Atmospheric CO2 Nears 400 ppm, Which Means What?

Atmospheric CO2 Nears 400 ppm, Which Means What?

Susan Cosier
Published: 05/06/2013

Graph courtesy of the Scripps Institution of Oceanography

 

We're creeping closer to a milestone: the highest concentration of atmospheric CO2 in human history. The U.S.’s greenhouse gas emissions are down to 1990s levels—due largely to the recession, the natural gas boom displacing much dirtier coal, and increased fuel efficiency in vehicles—all good news for the Obama administration, which promised to cut emissions by 17 percent from 2005 levels by 2020. But the amount of carbon in the global atmosphere is creeping higher and higher. 

 

The amount of carbon in the atmosphere is well beyond the 350 parts per million that scientists, particularly former NASA climate scientist James Hansen, say will create an unstable climate. (And if you’re still a climate change doubter, check this out.) In fact, it’s right around 400 ppm. The last time it was that high was during the Pliocene epoch 3.5 to 5 million years ago.

 

From Scripps Institution of Oceanography

 

As for what life was like then, scientists rely on fossil records to recreate where plants and animals lived and in what quantity. Pliocene fossil records show that the climate was generally warmer and wetter than today. Maps of Pliocene vegetation record forests growing on Ellesmere Island in the Canadian Arctic, and savannas and woodlands spreading over what is now North African desert.

 

Scripps Institution of Oceanography climate scientist Charles Keeling began taking measurements of carbon dioxide from the Mauna Loa volcano on the Big Island of Hawaii in 1958. That record, called “The Keeling Curve,” is now our longest running record of carbon dioxide in the atmosphere (which you can see at The Keeling Curve and @Keeling_curve on Twitter).

 

“The rate of rise of CO2 over the past century is unprecedented; there is no known period in geologic history when such high rates have been found. The continuous rise is a direct consequence of society’s heavy reliance on fossil fuels for energy,” Scripps stated.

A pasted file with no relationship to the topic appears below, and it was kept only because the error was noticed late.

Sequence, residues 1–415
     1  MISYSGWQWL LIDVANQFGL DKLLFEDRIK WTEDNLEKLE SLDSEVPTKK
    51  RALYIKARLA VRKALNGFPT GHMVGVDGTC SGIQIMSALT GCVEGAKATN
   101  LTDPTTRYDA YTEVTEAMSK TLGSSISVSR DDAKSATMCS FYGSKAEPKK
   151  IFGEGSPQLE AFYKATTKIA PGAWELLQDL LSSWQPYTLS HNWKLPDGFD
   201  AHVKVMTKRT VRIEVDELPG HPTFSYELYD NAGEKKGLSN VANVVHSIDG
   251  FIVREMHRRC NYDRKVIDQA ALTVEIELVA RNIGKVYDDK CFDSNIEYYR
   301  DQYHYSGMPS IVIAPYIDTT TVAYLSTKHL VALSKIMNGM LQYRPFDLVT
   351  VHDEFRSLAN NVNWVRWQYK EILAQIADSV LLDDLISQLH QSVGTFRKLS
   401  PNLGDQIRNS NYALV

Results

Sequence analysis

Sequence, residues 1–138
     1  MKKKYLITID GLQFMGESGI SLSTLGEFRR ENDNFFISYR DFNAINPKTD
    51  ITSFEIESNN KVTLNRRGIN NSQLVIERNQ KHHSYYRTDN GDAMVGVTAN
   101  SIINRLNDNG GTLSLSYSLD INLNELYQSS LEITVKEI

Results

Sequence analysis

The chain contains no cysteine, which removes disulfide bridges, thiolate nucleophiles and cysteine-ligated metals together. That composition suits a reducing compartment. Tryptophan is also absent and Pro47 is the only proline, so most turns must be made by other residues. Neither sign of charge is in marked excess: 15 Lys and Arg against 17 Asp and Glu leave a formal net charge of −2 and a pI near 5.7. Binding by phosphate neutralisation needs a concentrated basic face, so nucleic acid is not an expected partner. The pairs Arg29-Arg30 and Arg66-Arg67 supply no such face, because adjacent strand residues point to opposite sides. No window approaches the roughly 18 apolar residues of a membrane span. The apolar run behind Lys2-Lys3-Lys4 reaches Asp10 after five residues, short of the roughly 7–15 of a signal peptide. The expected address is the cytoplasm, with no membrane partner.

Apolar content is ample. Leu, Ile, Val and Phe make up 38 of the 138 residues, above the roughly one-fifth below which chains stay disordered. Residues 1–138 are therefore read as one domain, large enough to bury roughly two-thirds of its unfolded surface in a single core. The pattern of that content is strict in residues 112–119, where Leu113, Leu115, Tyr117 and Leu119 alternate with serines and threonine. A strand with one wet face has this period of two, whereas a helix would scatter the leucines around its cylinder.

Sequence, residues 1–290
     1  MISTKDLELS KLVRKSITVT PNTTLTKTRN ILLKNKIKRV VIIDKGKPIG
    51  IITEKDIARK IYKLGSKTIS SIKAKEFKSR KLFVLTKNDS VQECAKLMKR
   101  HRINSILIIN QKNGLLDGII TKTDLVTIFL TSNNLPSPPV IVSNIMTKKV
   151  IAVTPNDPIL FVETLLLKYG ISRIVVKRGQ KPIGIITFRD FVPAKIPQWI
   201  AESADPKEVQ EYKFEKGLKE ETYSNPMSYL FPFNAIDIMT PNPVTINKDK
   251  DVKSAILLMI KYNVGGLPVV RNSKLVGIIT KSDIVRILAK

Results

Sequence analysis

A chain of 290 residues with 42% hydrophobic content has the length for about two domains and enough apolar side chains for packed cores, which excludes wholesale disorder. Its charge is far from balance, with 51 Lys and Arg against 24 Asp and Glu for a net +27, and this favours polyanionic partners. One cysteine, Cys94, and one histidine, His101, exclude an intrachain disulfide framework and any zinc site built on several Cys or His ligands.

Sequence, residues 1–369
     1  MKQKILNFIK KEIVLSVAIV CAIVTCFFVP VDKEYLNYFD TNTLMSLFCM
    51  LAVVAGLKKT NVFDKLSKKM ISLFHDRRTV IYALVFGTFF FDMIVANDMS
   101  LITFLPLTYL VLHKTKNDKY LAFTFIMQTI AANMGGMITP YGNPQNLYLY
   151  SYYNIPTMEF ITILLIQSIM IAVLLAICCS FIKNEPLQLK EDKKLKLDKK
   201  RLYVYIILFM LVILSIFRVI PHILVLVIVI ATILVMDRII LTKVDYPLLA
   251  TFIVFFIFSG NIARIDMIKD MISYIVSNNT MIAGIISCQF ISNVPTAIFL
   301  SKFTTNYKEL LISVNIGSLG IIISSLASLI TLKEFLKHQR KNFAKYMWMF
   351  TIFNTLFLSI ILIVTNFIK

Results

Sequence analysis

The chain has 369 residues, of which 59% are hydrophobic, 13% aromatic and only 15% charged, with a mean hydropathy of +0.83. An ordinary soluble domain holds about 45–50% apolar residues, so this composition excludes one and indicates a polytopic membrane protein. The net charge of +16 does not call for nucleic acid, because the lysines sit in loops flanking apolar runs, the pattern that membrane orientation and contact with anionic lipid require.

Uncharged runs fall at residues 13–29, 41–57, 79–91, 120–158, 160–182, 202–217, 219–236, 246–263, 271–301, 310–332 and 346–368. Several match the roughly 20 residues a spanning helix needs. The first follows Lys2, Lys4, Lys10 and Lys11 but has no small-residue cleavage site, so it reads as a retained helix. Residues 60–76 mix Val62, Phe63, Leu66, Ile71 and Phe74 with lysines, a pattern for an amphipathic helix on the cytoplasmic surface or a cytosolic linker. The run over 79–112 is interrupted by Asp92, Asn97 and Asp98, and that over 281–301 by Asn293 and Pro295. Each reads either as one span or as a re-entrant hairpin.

Although it may be a while before the CO2 concentration stays at or above 400 ppm, the number is significant, says Ralph Keeling, a geochemist at Scripps who oversees the monitoring. (He’s also Charles’s son.)

 

“It’s a time to take stock of where we are and where we’re going,” he told Nature.com.

 

Climate change is a global problem, but the U.S. is one of the largest greenhouse gas emitters, a reason for us to be a policy leader when it comes to the issue. The U.S. government has dragged its feet on creating a national climate-change policy, but states have been busy. California has strict fuel economy standards, states in the Northeast have an emissions trading market, and 30 states have mandatory renewable energy standards. And maybe they can make even deeper cuts as time goes on. But as CO2 emissions climb this benchmark is a sobering reminder of why more should be done to reduce emissions—and soon.

 

One action that would make a big difference: regulate greenhouse gas emissions from existing power plants. Last year the EPA proposed carbon standards for future power plants, but in April the agency missed its deadline for finalizing rules for existing power plants, which are responsible for one-third of our nation’s emissions.